“The problem that has no name”, as Betty Freidan so aptly wrote in The Feminine Mystique, described the ennui of the American housewife struggling with the sense of “something is missing” in the gap between their real selves and the images that the media and culture at large glorified and expected them to happily adhere to.
That paradigm shifted, of course, in the late 50’s and 60’s, and while many women joined the fight so to speak, and many enjoyed the benefits, there was a silent segment of the female population who just missed the wave…who were terribly curious about what was going on around them, but due to a variety of circumstances (age, children, spouses, a mentality too steeped in the feminine mystique, etc) didn’t feel equipped to go off into this brave new world, and felt as though they didn’t quite belong to the new or the old at that point. Neither was a comfortable fit. I imagine this woman, with a foot in both worlds, her curiosity and craving for something unknowable – even to her…and I decided I wanted to try to tell that story in a series of images.
As usual, the ideal situation in my mind was not to be found with the time and resources I had at hand…and I actually almost canceled it the day before the shoot – feeling like I hadn’t had the time to flesh out all the ideas I had to fully do it justice, and struggling with finding the right location and additional models. I’m glad I decided to roll with the optimism and enthusiasm of the key model – because there are a few shots I just love so much. And really, these shoots are a luxury in the first place – to have people willing to jump in and play (in the midst of all of our normal work weeks), and try something that I never totally know beforehand how it’s going to go, is a gift. It’s all about the freedom of the creative process – trying things I don’t necessarily get to do with clients, given it’s time consuming nature.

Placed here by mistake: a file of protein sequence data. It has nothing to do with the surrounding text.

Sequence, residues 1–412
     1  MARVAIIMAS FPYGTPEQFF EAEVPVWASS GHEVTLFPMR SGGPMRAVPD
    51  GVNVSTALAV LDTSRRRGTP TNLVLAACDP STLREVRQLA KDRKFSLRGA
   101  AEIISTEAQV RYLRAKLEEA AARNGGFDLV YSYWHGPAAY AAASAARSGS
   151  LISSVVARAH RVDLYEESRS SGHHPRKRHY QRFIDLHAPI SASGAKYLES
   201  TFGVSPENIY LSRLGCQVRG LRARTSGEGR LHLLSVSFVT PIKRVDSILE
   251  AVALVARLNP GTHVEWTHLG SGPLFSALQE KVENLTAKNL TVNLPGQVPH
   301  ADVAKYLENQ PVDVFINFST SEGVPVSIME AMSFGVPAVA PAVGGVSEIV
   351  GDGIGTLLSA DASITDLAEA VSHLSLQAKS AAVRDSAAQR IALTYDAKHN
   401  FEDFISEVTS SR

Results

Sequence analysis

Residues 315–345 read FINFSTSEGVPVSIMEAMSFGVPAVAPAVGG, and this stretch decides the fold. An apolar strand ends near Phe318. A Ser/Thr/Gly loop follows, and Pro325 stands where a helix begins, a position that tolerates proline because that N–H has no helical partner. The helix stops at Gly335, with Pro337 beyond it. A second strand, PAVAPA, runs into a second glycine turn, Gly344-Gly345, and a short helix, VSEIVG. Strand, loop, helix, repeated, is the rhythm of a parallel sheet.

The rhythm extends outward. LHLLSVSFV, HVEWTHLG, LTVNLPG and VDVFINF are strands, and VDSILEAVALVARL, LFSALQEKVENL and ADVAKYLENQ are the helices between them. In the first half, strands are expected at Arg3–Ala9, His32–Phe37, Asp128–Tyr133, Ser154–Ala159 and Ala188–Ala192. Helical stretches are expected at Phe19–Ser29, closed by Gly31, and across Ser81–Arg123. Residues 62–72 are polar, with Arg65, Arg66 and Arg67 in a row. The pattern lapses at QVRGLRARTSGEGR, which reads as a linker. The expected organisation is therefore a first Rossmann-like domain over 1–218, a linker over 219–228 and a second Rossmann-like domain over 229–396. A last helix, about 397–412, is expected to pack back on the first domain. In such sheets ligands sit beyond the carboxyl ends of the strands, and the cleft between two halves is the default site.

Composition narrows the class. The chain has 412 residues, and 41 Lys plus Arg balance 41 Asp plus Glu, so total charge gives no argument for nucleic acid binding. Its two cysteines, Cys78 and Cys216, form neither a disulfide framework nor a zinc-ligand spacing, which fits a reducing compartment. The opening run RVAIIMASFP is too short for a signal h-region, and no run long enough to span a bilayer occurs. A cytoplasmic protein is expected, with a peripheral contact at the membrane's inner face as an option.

So thank you, first of all, to my friend Carol, who was so gracious when I turned her small space into a complete circus. And thank you to the wonderful models, Gina (the main character – who did an awesome job), Lacee (hippy girl), and James (man in suit and hippy guy). And also to Mark, who generously lent us the awesome El Camino.
And a huge shout out to Cynthia at Boho Chic, whose incredible vintage wardrobe absolutely made this shoot. Do yourself a fun favor and go check out her shop!
And thanks to Pam Keller for the outstanding makeup.
So…here’s a little story